In terms of funding decreases, the Center for Budget and Policy Priorities (CBPP) had a 49% reduction, though this primarily is a result of a high yield in 2015, and CBPP is now broadly back to its previous funding levels. The same pattern applies to the AEI, with its 29% decrease, after a particularly successful year. The International Crisis Group however, experienced a substantive cut of -29%, down to $13m, and is at its lowest level of funding in more than ten years.

The numbers continue to illustrate the size of the entire sector. The largest institutions remain the RAND Corporation (by far, with its $327m budget), followed by Brookings ($105m), WRI ($90m), the Urban Institute ($88m) and the Heritage Foundation ($81m). In total, the top 21 institutions have a combined budget of $1.15bn, combined net assets of $2.59bn and they employ more than 7,700 people in the United States. (Anyone who pays taxes in the US is in the counts, so this will include interns and non-research staff, and exclude staff in offices outside the US.)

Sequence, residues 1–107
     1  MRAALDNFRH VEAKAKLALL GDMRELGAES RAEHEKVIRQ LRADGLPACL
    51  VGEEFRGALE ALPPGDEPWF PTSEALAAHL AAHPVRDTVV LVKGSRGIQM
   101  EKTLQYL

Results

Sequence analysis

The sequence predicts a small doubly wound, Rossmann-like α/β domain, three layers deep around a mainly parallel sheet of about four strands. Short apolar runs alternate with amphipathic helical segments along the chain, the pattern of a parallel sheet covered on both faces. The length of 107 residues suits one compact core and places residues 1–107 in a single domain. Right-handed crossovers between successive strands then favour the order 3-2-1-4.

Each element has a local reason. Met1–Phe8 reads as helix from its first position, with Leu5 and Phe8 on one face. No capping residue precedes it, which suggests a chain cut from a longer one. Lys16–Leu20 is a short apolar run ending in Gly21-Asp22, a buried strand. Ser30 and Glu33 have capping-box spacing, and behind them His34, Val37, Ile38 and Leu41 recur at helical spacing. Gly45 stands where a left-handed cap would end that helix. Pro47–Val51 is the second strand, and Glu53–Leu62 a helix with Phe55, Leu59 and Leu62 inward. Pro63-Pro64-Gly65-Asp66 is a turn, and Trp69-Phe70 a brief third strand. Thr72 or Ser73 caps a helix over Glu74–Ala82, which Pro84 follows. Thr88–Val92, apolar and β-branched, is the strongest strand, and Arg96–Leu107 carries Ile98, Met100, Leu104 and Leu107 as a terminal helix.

One remarkable change is the increase in the number of staff paid more than $100.000. This has increased by 10% across the institutions, and together there are more than 1,700 people with that level of salary, reflecting that at least in some institutions, expertise is well remunerated.

These are only some of the headline numbers. The spread sheet has much more detail, averages and medians, maximum and minimum, and is sortable. (Thanks to the Transparify team and to Johann Schmidt for assembling the numbers.) It should thus be of interest to anyone who wants to compare think tank numbers.